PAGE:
New fighting near Libyan oil port as U.N. seeks to restart talks

The fighting came a day after the United Nations said it was seeking a cease-fire

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New clashes erupted on Tuesday between Libyan rival factions fighting for control of the country’s biggest oil port Es Sider, killing several people, both sides said.

The fighting came a day after the United Nations said it was seeking a ceasefire to pave the way for a new round of peace talks between rival factions operating two opposing governments, nearly four years after Moammer Qaddafi’s overthrow.

Libya’s internationally recognized government under Prime Minister Abdullah al-Thinni and the elected House of Representatives have been based in the east since a group called Libya Dawn seized Tripoli last summer, set up its own administration and reinstated the old parliament.

Troops loyal to the Tripoli government launched an offensive in December to try to take the eastern Es Sider and Ras Lanuf oil ports, which have had to shut down operations. Both sides had declared partial ceasefires last month which had largely held to give a U.N.-sponsored dialogue a chance.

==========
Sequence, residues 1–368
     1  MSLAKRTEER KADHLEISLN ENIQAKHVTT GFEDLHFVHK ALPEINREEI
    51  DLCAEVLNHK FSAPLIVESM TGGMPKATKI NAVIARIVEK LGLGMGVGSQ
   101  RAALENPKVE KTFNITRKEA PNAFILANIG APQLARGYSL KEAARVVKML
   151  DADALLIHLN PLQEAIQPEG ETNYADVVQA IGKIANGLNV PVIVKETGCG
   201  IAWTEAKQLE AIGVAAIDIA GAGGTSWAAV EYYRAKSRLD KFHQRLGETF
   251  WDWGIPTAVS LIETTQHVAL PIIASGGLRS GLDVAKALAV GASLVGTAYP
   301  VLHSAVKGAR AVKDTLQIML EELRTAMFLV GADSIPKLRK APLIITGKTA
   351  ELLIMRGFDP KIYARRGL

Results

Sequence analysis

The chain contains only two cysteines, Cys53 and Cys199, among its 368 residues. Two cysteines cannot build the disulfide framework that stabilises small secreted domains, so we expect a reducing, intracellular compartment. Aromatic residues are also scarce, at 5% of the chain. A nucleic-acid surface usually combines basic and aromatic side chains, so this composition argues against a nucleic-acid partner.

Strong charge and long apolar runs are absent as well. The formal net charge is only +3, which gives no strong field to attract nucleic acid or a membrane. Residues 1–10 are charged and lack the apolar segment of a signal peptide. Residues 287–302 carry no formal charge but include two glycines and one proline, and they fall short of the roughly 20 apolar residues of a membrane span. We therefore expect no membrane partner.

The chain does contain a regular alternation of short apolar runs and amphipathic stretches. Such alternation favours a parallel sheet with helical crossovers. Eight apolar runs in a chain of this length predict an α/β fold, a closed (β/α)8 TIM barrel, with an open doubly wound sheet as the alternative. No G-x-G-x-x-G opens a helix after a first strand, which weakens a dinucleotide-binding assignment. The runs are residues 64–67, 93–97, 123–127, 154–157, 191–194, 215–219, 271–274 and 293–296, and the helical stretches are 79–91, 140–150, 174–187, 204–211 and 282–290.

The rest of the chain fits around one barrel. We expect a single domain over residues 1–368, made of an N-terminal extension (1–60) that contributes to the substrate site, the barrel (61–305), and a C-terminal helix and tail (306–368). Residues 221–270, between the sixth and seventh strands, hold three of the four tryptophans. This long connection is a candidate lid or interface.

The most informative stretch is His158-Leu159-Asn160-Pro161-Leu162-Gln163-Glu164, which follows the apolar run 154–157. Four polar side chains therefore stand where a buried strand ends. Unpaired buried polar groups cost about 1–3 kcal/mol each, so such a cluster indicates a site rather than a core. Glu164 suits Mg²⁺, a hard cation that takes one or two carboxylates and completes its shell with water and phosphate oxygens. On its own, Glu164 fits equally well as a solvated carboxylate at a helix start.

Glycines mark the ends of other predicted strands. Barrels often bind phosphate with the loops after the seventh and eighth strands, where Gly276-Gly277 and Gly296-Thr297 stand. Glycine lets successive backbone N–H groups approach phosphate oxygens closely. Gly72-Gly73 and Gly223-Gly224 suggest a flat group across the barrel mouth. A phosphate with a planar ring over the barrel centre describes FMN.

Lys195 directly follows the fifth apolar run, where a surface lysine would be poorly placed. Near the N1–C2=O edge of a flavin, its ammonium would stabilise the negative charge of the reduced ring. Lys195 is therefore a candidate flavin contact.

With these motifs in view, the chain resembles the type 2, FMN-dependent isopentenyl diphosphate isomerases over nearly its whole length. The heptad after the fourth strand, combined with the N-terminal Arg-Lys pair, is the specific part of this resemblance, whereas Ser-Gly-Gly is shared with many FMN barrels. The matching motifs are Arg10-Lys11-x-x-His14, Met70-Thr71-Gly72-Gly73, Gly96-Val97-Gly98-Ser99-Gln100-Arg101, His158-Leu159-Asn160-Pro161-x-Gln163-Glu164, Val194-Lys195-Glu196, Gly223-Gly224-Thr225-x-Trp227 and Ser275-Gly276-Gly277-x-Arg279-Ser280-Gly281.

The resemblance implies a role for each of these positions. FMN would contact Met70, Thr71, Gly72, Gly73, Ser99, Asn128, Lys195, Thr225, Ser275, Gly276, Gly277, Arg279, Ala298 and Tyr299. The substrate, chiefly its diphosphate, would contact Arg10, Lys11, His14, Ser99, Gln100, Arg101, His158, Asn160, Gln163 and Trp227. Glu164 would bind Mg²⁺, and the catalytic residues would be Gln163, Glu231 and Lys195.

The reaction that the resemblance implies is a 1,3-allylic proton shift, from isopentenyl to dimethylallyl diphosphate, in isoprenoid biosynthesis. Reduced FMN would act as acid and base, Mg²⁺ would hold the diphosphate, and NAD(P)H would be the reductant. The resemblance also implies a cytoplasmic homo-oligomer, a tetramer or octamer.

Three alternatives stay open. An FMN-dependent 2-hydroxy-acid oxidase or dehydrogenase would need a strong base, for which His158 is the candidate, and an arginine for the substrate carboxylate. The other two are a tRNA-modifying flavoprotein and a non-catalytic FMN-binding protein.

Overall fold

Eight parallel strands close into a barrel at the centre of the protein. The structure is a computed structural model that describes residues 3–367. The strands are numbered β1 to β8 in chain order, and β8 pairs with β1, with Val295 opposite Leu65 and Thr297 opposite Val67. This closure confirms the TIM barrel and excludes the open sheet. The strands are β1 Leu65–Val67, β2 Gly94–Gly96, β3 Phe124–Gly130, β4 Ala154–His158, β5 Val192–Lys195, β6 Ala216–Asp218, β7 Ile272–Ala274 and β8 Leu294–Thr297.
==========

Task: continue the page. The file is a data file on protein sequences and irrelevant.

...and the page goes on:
Forces allied to Thinni conducted air strikes on Tuesday to stop a new advance of fighters allied to the rival government, a spokesman for Thinni’s forces said.

“There is an attack from them from all sides on the oil ports,” the spokesman said. “But we’ve stopped them.”

The rival force confirmed fighting was taking place. “Our buys are advancing,” said an official of the rival government, adding that five of his troops had died.

On Monday, U.N. Special Envoy Bernadino Leon visited Tripoli to discuss with the rival assembly restarting the talks within days inside Libya.

Last month, the United Nation managed to bring some members of the factions to talks in Geneva but the Tripoli-based parliament known as GNC wanted the dialogue to take place inside Libya.

The shutdown of the two ports is a blow to Libya’s already crippled public finances as the central bank has been using up its dollar reserves to keep the country afloat.

Oil output has slumped to around 350,000 bpd, a fifth of what Libya used to pump before the 2011 uprising against Qadhafi.

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